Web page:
By the time I arrived at the hotel that evening Ahmadinejad’s victory had been announced, Marie’s story filed and her taxi to the airport booked. We drank a celebratory pot of tea, the piano occupied for the first and only time by a young man fiddling Persian flourishes into schmaltzy 1980s ballads. Afterwards she walked me to reception, shook my hand and gave me her card, scribbling her personal email on the back and encouraging me to drop her a line when I got back to London. “If you get back to London,” she said, winking to imply that she knew only too well how hard it would be to tear myself away.

I decided to walk back to my grandmother’s house that night. The streets were quiet after days ringing with protests and street parties and the names of candidates screamed from passing cars. The city seemed to have admitted defeat, to have folded in on itself to regard this latest development from a fearful distance. Yet I found myself smiling as I walked, swinging my steps in time to a piano ballad and greedily dismantling a bar of chocolate given to me in parting by Marie – a woman who had helped me find in three days what had previously eluded me for three months. Who had stopped me from feeling like a fraud.

Behind me, the dusk sky was scattered with bats, and the funereal towers of the Hotel Laleh receded for the last time, or so I thought.

Marie Colvin (right) with the Duchess of Cornwall in November 2010 (Photo: Getty Images)
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Qatar is determined to stand up to its Gulf neighbours – but at what price?

The tensions date back to the maverick rule of Hamad bin Khalifa al-Thani.

For much of the two decades plus since Hamad bin Khalifa al-Thani deposed his father to become emir of Qatar, the tiny gas-rich emirate’s foreign policy has been built around two guiding principles: differentiating itself from its Gulf neighbours, particularly the regional Arab hegemon Saudi Arabia, and insulating itself from Saudi influence. Over the past two months, Hamad’s strategy has been put to the test. From a Qatari perspective it has paid off. But at what cost?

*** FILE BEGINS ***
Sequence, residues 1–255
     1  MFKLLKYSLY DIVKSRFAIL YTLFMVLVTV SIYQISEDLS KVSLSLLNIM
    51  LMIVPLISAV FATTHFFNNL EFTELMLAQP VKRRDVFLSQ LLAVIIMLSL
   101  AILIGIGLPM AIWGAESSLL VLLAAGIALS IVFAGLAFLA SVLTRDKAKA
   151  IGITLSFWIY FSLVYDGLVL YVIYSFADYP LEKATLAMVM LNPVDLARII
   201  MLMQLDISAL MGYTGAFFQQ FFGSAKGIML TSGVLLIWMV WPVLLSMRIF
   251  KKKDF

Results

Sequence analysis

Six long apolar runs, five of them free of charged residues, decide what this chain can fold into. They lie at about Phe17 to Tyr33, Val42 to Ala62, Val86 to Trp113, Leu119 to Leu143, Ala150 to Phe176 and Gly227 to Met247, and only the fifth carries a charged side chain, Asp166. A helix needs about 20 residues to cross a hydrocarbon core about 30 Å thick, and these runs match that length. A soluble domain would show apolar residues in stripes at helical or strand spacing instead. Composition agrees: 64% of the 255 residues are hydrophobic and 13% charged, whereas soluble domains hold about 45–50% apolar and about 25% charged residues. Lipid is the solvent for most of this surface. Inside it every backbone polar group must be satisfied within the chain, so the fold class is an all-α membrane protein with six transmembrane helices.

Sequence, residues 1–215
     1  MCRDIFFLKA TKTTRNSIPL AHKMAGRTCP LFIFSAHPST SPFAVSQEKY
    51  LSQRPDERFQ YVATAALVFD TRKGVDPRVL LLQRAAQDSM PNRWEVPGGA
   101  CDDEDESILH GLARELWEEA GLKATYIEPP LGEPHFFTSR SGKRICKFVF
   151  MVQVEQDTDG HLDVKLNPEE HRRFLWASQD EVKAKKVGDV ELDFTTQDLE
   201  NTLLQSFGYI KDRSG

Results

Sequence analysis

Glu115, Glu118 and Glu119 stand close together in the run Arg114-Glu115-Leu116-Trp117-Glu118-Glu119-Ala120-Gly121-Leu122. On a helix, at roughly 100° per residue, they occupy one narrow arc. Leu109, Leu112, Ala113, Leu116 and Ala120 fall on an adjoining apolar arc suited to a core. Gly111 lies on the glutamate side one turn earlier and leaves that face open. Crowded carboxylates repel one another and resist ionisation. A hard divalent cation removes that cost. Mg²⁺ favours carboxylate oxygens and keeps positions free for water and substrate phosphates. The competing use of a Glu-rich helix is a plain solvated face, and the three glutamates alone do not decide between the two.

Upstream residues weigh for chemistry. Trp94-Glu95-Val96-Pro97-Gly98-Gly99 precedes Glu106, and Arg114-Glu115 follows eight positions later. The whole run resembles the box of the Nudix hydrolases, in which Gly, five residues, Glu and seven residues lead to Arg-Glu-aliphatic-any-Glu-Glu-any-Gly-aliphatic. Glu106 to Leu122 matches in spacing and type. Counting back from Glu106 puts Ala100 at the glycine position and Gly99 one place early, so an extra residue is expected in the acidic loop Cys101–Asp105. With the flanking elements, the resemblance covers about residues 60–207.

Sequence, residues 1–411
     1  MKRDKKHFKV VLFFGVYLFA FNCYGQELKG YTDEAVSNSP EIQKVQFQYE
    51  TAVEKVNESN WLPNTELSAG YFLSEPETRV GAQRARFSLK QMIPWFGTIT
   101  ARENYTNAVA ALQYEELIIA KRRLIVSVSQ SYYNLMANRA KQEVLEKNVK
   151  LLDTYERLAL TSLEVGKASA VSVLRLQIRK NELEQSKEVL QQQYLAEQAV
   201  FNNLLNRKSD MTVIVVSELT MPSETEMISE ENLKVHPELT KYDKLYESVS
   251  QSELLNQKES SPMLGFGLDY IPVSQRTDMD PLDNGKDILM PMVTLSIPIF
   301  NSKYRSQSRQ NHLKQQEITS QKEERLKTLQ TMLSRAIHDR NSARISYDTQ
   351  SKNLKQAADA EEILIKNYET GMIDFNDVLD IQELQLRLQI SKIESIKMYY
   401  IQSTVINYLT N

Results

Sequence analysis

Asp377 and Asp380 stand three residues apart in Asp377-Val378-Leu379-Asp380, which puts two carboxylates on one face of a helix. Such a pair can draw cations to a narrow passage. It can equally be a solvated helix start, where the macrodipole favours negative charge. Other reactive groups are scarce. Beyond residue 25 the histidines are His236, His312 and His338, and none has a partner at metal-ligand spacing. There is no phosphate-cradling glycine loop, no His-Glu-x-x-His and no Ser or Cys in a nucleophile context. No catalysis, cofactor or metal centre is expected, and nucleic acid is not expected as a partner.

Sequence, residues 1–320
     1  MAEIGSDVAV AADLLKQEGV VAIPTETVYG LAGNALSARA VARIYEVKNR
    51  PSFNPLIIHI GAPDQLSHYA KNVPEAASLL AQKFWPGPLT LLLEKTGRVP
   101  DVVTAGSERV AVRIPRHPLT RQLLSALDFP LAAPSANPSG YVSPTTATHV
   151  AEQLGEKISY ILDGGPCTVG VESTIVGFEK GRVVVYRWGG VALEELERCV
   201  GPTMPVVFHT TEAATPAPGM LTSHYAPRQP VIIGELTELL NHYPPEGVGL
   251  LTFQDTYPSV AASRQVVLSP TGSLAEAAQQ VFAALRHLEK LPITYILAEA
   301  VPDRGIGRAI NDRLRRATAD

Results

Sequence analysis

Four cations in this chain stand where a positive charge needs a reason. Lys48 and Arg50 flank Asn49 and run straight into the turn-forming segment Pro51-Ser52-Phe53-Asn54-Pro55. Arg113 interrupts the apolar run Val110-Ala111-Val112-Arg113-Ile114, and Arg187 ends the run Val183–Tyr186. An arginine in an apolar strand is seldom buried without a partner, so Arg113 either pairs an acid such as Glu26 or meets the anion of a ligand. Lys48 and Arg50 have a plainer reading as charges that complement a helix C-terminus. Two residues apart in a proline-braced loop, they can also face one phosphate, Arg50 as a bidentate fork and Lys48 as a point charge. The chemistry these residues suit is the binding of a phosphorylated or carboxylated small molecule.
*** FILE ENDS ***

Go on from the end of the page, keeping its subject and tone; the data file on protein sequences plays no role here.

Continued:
When Hamad became emir in 1995, he instantly ruffled feathers. He walked out of a meeting of the Gulf Cooperation Council (GCC) because, he believed, Saudi Arabia had jumped the queue to take on the council’s rotating presidency. Hamad also spurned the offer of mediation from the then-President of the United Arab Emirates (UAE) Sheikh Zayed bin Sultan al-Nahyan. This further angered his neighbours, who began making public overtures towards Khalifa, the deposed emir, who was soon in Abu Dhabi and promising a swift return to power in Doha. In 1996, Hamad accused Saudi Arabia, Bahrain and the UAE of sponsoring a coup attempt against Hamad, bringing GCC relations to a then-all-time low.

Read more: How to end the stand off in the Gulf

The spat was ultimately resolved, as were a series of border and territory disputes between Qatar, Bahrain and Saudi Arabia, but mistrust of Hamad - and vice versa - has lingered ever since. As crown prince, Hamad and his key ally Hamad bin Jassim al-Thani had pushed for Qatar to throw off what they saw as the yoke of Saudi dominance in the Gulf, in part by developing the country’s huge gas reserves and exporting liquefied gas on ships, rather than through pipelines that ran through neighbouring states. Doing so freed Qatar from the influence of the Organisation of Petroleum Exporting Countries, the Saudi-dominated oil cartel which sets oil output levels and tries to set oil market prices, but does not have a say on gas production. It also helped the country avoid entering into a mooted GCC-wide gas network that would have seen its neighbours control transport links or dictate the – likely low - price for its main natural resource.